In Their Own Words
December 20, 1833
Primitive Accomodations Described
Life in Georgia’s interior could be very primitive, as Mrs. James Hine of New York found out during her trip through Georgia. From Dublin, she wrote her mother about her first night’s experience after departing Savannah:
“I scarcely know where to begin - so much that is new to me meets me at every step. We left Savannah on the 8th. When we got to Norwood’s, where we were to spend the first night, evening was closing in around us. The house was of logs, a single story in height, presenting but one window and one door … . I supposed the building to be the barn … .What was my astonishment upon finding that it was the dwelling - the house of the family with whom we were to stay! …
“After the supper was finished I sought quarters for the night, and they showed me into the little room on the end of the piazza. It was barely large enough to hold a small bedstead and have a space of about two feet on one side of it. There was no space for the door to open; it had to open outside. There was no article of furniture in the room but the bedstead and one chair, not even a table to hold a light; … . the bedstead was a rough specimen of home manufacture, and the bed, professedly of feathers, though there were not enough feathers in it to have made a decent pair of pillows … . There was no mattress, but a dried cowhide laid upon the cords to prevent what feathers there were in the bed from sinking down between them… . I felt very much as if I had got on the extreme border of civilization but one remove from savage life. I have read much of frontier life, but I never pictured to myself anything so wild as this… .”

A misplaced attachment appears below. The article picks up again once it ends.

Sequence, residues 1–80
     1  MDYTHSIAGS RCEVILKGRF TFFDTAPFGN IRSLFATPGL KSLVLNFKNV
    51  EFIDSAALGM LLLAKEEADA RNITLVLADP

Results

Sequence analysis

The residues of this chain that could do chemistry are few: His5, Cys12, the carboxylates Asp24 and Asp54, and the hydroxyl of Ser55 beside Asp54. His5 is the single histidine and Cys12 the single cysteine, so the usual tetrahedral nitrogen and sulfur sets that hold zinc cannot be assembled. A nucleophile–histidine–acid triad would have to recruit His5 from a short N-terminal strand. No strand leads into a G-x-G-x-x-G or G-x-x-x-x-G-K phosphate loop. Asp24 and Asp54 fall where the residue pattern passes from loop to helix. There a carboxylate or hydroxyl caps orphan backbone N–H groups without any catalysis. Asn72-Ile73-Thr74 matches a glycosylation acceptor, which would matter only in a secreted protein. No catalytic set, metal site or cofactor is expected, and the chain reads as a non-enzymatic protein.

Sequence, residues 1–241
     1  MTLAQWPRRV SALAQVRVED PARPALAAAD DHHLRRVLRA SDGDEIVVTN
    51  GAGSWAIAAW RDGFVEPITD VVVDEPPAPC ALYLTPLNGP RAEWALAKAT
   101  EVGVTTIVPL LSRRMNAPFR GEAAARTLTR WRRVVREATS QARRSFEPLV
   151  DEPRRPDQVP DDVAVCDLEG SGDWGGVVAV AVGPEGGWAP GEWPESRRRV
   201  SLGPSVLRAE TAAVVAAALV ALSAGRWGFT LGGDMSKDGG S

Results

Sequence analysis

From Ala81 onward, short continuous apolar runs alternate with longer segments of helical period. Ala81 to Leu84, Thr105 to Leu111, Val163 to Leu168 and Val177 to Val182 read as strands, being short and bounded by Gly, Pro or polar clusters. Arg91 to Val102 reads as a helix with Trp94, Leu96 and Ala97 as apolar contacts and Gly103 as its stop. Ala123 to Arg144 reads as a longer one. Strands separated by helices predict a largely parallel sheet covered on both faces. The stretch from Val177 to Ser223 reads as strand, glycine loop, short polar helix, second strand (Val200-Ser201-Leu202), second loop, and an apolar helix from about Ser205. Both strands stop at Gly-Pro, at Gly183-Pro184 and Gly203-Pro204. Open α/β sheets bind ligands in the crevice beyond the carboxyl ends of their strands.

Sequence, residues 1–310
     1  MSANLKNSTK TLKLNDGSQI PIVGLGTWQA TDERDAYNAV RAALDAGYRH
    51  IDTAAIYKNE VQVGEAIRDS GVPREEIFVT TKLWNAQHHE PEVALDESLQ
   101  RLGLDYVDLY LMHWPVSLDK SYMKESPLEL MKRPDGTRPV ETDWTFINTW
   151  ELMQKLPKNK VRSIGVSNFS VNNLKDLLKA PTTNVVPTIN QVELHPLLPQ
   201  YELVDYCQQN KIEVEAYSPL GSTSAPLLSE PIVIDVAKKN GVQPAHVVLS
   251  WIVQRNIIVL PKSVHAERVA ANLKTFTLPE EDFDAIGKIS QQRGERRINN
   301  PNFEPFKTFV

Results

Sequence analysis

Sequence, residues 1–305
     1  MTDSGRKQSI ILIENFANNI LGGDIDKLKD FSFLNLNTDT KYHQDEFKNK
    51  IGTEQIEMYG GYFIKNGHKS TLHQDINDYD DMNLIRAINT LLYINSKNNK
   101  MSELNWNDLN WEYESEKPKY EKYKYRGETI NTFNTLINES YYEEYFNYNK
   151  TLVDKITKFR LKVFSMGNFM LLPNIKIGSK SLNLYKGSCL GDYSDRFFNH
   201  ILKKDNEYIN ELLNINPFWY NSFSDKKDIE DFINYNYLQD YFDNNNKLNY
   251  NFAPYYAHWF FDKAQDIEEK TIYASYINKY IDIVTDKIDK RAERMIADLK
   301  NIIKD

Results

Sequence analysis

Source: Mills Lane (ed.), Georgia: History written by Those who lived It (Savannah: Beehive Press, 1995), pp. 86-87.